Of all letters, the love-letter should be the most carefully prepared. Among the written missives, they are the most thoroughly read and re-read, the longest preserved, and the most likely to be regretted in after life.
They should be written with the utmost regard for perfection. An ungrammatical expression, or word improperly spelled, may seriously interfere with the writer's prospects, by being turned to ridicule. For any person, however, to make sport of a respectful, confidential letter, because of some error in the writing, is in the highest degree unladylike and ungentlemanly.
As a rule, the love-letter should be very guardedly written. Ladies, especially, should be very careful to maintain their dignity when writing them. When, possibly, in after time the feelings entirely change, you will regret that you wrote the letter at all. If the love remains unchanged, no harm will certainly be done, if you wrote with judgement and care.
The love-letter is the prelude to marriage - a state that, if the husband and wife be fitted for each other, is the most natural and serenely happy; a state, however, that none should enter upon, until, in judgement and physical development, both parties have completely matured. Many a life has been wrecked by a blind, impulsive marriage, simply resulting from a youthful passion. As a physiological law, man should be twenty-five, and woman twenty-three, before marrying.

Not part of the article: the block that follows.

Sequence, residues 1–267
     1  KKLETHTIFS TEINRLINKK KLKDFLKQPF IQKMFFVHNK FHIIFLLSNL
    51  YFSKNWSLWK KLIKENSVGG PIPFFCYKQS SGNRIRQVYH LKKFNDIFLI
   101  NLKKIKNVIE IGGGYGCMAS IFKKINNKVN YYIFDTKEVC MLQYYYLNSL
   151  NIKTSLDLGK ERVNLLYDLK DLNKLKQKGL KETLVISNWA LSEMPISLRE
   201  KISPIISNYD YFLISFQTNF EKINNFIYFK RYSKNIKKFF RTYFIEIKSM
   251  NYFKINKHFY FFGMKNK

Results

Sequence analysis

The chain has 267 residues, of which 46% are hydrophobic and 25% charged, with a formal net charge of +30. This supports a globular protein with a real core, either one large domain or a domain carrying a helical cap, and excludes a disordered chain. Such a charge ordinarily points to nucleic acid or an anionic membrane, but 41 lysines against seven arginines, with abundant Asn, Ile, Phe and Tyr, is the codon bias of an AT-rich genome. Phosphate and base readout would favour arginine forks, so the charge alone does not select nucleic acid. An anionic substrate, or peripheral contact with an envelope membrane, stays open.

While there may be exceptional cases, as a rule, correspondence should be conducted only with the assent and approval of the parents. If it is not so, parents are themselves generally to blame. If children are properly trained, they will implicitly confide in the father and mother, who will retain their love until they are sufficiently matured to choose a companion for life. If parents neglect to retain this love and confidence, the child, in the yearning for affection, will place the love elsewhere, frequently much too early in life.
Ladies should not allow courtship to be conducted at unreasonable hours. The evening entertainment, the walk, the ride, are all favorable for the study of each other's tastes and feelings. For the gentleman to protract his visit at the lady's residence until a late hour, is almost sure to give offence to the lady's parents, and is extremely ungentlemanly.